> pushing you have actually internalized.
> Do you remember yourself understanding "it
> is increasingly probable that my observations
> of that man crossing the street will be
> consistent with my future observations of
> him getting to the other side, within the
> broader context of me sitting here in this
> situation", or do you remember yourself
> understanding something more like "he's
> crossing the street"?

I see "a person crossing the street"

I see classes of street crossings by classes of persons by means of
classes of methods within classes of contexts.

I see myself observing and considering all of the above.  To me it
seems entirely natural to observe "reality" from different points and
levels of view.  And all my life I've had difficulty fully
appreciating and accepting that other people don't.

> I don't know how many people appreciate
> your circumlocutions, but you'll have to
> keep trying till they do, I reckon.
> Oh, you address this here:

It has always struck me as strange, almost disingenuous, that you
appear to parse and reply so sequentially.  I always read a post
entirely, and usually more than once, to try to ascertain the gestalt,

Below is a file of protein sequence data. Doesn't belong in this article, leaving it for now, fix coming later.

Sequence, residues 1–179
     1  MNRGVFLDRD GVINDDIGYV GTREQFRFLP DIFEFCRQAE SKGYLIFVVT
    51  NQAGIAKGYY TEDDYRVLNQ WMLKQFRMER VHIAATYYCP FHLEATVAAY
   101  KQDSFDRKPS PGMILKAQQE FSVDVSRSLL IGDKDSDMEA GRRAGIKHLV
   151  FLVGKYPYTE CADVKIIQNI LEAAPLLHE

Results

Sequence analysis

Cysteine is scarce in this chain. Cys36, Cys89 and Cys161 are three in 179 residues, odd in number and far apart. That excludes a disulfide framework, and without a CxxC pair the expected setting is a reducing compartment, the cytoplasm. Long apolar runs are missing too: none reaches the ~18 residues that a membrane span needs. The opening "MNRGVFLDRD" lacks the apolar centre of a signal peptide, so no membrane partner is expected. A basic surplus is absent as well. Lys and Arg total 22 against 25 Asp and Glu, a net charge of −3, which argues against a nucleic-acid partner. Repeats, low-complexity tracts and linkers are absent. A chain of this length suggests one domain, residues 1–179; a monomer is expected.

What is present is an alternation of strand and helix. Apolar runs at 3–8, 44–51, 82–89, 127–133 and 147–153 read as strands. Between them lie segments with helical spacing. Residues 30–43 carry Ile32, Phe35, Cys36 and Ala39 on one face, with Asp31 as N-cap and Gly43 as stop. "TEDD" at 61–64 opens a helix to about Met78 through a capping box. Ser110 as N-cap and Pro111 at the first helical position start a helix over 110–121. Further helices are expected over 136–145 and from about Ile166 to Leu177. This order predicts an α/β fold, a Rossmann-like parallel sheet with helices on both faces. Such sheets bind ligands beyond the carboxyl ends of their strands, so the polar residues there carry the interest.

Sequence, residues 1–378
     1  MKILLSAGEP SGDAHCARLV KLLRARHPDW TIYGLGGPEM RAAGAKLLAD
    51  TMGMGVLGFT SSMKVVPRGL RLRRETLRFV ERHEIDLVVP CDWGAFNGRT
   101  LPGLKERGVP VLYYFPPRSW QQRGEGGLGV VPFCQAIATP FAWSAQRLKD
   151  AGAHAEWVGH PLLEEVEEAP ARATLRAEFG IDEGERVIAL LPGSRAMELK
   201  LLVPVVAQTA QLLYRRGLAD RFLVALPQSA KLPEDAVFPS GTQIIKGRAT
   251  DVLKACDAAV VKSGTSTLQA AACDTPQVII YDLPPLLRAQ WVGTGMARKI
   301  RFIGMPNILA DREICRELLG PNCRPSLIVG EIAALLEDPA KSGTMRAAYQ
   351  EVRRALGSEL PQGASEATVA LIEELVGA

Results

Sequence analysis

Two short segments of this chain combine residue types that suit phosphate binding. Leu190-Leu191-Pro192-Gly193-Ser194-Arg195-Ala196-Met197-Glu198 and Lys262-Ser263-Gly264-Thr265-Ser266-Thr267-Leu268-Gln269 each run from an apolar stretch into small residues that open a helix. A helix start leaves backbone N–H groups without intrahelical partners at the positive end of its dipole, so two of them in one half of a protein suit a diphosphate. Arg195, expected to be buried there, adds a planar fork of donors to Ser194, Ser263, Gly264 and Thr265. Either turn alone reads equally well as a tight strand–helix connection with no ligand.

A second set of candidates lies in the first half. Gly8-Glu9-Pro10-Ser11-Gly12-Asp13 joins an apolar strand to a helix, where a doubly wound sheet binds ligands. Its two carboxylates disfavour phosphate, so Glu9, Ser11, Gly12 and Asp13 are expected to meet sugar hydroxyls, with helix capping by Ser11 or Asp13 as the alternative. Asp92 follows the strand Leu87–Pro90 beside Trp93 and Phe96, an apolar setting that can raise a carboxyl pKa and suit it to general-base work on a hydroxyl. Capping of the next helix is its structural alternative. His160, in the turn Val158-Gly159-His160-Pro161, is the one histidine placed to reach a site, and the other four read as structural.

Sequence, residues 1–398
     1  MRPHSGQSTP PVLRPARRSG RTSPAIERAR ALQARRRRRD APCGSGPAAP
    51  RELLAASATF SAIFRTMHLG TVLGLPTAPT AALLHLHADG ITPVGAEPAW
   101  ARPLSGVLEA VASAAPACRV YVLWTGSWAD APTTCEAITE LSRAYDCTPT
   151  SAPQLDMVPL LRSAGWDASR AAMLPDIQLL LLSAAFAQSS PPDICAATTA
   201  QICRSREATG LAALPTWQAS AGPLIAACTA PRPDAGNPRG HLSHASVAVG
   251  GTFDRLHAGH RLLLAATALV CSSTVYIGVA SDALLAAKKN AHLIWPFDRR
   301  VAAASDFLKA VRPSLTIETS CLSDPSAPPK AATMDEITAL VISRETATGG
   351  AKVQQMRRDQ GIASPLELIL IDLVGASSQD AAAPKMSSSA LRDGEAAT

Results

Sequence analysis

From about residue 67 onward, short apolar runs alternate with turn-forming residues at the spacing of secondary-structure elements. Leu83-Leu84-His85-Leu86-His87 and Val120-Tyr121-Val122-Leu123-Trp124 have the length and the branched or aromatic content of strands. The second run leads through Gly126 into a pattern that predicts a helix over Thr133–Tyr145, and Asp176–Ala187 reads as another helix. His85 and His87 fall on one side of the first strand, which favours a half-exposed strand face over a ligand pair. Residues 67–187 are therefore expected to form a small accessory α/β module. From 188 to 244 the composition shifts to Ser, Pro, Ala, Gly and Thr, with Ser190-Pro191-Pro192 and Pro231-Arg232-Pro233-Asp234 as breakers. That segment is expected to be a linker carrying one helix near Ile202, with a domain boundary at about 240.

before choosing effective targets for my reply.

Might it be that "gestalt" is another concept highlighting the
difference in our worldviews?

[> Oh, you address this here:]

>> And to the extent we are dealing with the regularities of daily life,
>> then we do well to exploit the fast and frugal heuristics of our
>> evolutionary heritage.
> Yes.
>> But the local effectiveness of heuristics comes
>> at the expense of reduced context.
> That sentence completely floors me.

Don't you agree that the effectiveness of heuristics comes with a
cost?  If so, how would you describe that cost other than in terms of
pre-narrowed possibility space, reduced context of consideration, in
complete accord with the No Free Lunch theorem?

> But it's very
> good that it came up. Are you perhaps trying to
> make your sentences less assailable by arranging
> for them to apply to as broadly as possible? I.e.,
> to contexts as broad as possible?

Not less assailable, but when I'm trying to help you see the forest